Had Sabina been born insane, she’d have been smothered or put to the sword because, like it or not, this was the norm. Rome needed to breed healthy, strong and perfect citizens or the empire would be weakened, and any disabilities—mental or physical—were eliminated at birth. With someone like Sabina, the signs might not have been so easy to detect, but there was little compunction in snuffing out a sickly life, even at the age of five or six.
What was going on here?
That Claudia was involved in an elaborate hoax was obvious, but who was the perpetrator? Surely not this strange, ethereal creature? Odd by any standards, yet as far as Claudia could determine, Sabina seemed totally without guile and for a woman practically old enough to be her mother, she behaved more like a small child. Or no. Rather a docile, domesticated pet… Carefully, so as not to disturb Drusilla, Claudia positioned her glass on the floor, but the cat woke on the first movement, instantly alert for the safety of her brood. Satisfied they were still sleeping soundly and could manage a little longer without her, she began to wash, her purring vibrating all the way down Claudia’s breastbone.
‘What do you think, poppet? Have the holy sisters been secreting the Strange One within their enclave?’ Drusilla’s head began to butt Claudia’s chin.
‘That’s what I thought. Since there can only be six at any one time, the Vestals are hardly likely to break their sacred vows, are they? And in any case the woman’s perfectly capable of performing basic rites and rituals.’ Point her in the right direction and she’d obey smartly enough. Silently, yes, but instantly.
She certainly had the unlined face of a celibate, and put it down if you like to the vacant eyes, but Sabina could easily pass for five years younger, a boast few Roman matrons could make. If Claudia had as few grey hairs in twelve years’ time, she’d count herself very lucky indeed.
‘But the most telling thing, Drusilla, is the Vestals lead an indoor life.’
‘Precisely. Their days are either spent tending the Eternal Flame inside that tiny circular temple, or else they’re tucked away in their living quarters next door.’
They appear in public only for certain festivals, so their skins aren’t tanned the way Sabina’s is, nor are their hands rough from work. Their nails would not be short and dirty, their fingers would be as soft as any noblewoman’s.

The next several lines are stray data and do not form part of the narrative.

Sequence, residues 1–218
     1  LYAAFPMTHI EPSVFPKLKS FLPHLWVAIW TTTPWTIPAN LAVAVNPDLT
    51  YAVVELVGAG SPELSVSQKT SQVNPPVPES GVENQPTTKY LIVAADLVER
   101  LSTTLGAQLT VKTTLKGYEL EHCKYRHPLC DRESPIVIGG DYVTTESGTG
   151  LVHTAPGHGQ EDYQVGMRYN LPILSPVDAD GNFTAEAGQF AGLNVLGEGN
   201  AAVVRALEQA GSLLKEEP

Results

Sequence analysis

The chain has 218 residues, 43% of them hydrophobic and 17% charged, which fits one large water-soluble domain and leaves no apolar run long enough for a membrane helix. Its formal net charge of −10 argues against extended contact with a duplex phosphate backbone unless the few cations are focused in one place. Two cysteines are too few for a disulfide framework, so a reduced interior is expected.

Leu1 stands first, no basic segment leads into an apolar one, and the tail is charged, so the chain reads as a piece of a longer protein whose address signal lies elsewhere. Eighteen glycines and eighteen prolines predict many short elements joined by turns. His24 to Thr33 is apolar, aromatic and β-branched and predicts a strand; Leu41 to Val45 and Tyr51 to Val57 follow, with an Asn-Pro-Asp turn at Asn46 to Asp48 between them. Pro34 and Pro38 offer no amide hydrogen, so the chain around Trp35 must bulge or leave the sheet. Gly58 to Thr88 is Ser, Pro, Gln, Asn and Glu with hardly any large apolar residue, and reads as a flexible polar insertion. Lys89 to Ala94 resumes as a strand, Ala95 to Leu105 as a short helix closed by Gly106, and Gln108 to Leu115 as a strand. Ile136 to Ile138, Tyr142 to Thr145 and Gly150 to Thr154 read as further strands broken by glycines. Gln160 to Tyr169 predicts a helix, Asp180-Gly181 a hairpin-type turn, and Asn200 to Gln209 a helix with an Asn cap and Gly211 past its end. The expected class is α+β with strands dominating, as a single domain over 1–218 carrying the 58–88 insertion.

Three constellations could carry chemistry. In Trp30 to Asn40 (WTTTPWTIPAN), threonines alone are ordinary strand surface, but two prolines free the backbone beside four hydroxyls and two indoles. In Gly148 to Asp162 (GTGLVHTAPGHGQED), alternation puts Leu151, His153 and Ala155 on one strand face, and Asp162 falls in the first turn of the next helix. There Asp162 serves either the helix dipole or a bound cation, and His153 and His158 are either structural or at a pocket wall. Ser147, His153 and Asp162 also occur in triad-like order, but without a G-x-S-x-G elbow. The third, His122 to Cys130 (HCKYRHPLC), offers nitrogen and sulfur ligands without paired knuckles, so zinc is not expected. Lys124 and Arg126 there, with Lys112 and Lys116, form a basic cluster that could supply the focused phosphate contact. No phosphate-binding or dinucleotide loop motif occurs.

Which raised another question. Where had Sabina been for thirty years?
‘Suppose Eugenius is the hoaxer?’ she asked a stretching Drusilla, as she turned down the lamp.
The cat jumped soundlessly on to the tiles. ‘Mmmr.’
‘You’re right. Completely out of the question.’
How could he possibly foresee Claudia would only just catch the boat and not denounce the imposter much earlier? Ah, but suppose she isn’t Collatinus’s real granddaughter? Suppose the retiring senior Vestal was the real Sabina? What had happened to her?
Drusilla could be heard finishing off the veal in the darkness, and Claudia cupped her chin in her hands. The warm winds of Africa were redolent with a pungent mix of salt air, spices, wine and meat roasting in the tavern kitchens. The punch line of a joke filtered up above the babble and chatter below, followed by a chorus of such raucous male laughter that the listener was left in little doubt as to the nature of the jest. The atmosphere was heady, intoxicating.
‘Of course I don’t miss Rome, why should I?’ She punched her fist into her bolster. ‘It’s not as though there’s anyone waiting for us.’
Drusilla arched her back and began to rub round Claudia’s ankles.
‘All right, there was that investigator chappie. Whatshisname.’
‘Maybe I do remember his name, so what?’ Claudia sniffed loudly as she threw back her bedcovers. She thought she’d built up something of a rapport with that Orbilio fellow, but she’d neither seen nor heard from him since those grisly murders a few weeks back. ‘He can boil his head in porridge for all I care.’
Two sandals ricocheted off the wall to prove the point.
She had jettisoned all ties with the past in order to wangle herself a wealthy, ageing husband and the new Claudia had emerged like a bright and splendid butterfly, every trace of those dark days kicked over so many times the trail was impossible to follow.
Unless, of course, you were a particularly tenacious member of the Security Police.
Her thoughts were interrupted by a knock on the door. ‘Madam, it’s me. Cypassis.’
What was it with this woodwork that made it so damned attractive to knuckles?
Her big-boned maidservant slipped furtively into the room, carrying the most foul-smelling tallow candle ever to have been moulded. ‘It’s about—’
‘For gods’ sake, girl, put that out.’ Claudia jumped out of bed, flung open the door and fanned new, if not fresh, air into the room. She lit an oil lamp before asking, ‘So?’
The customary dimpled smile had disappeared, and the girl’s eyes were as wide as sieves.
‘It’s Mistress Sabina, madam,’ Cypassis said. ‘She’s disappeared.’